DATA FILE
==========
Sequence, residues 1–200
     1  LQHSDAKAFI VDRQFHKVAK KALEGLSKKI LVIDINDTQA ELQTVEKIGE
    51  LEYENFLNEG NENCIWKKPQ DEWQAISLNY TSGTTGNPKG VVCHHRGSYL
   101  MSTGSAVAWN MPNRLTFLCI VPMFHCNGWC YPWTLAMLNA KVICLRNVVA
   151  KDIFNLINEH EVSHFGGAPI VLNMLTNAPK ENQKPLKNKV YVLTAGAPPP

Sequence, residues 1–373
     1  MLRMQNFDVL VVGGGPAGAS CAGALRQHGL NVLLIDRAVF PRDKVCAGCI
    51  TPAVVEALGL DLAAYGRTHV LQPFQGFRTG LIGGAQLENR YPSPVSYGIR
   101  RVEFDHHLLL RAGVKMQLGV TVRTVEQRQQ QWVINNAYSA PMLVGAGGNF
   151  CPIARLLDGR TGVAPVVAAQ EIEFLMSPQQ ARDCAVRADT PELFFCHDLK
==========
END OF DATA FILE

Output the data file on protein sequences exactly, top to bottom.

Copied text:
Sequence, residues 1–200
     1  LQHSDAKAFI VDRQFHKVAK KALEGLSKKI LVIDINDTQA ELQTVEKIGE
    51  LEYENFLNEG NENCIWKKPQ DEWQAISLNY TSGTTGNPKG VVCHHRGSYL
   101  MSTGSAVAWN MPNRLTFLCI VPMFHCNGWC YPWTLAMLNA KVICLRNVVA
   151  KDIFNLINEH EVSHFGGAPI VLNMLTNAPK ENQKPLKNKV YVLTAGAPPP

Sequence, residues 1–373
     1  MLRMQNFDVL VVGGGPAGAS CAGALRQHGL NVLLIDRAVF PRDKVCAGCI
    51  TPAVVEALGL DLAAYGRTHV LQPFQGFRTG LIGGAQLENR YPSPVSYGIR
   101  RVEFDHHLLL RAGVKMQLGV TVRTVEQRQQ QWVINNAYSA PMLVGAGGNF
   151  CPIARLLDGR TGVAPVVAAQ EIEFLMSPQQ ARDCAVRADT PELFFCHDLK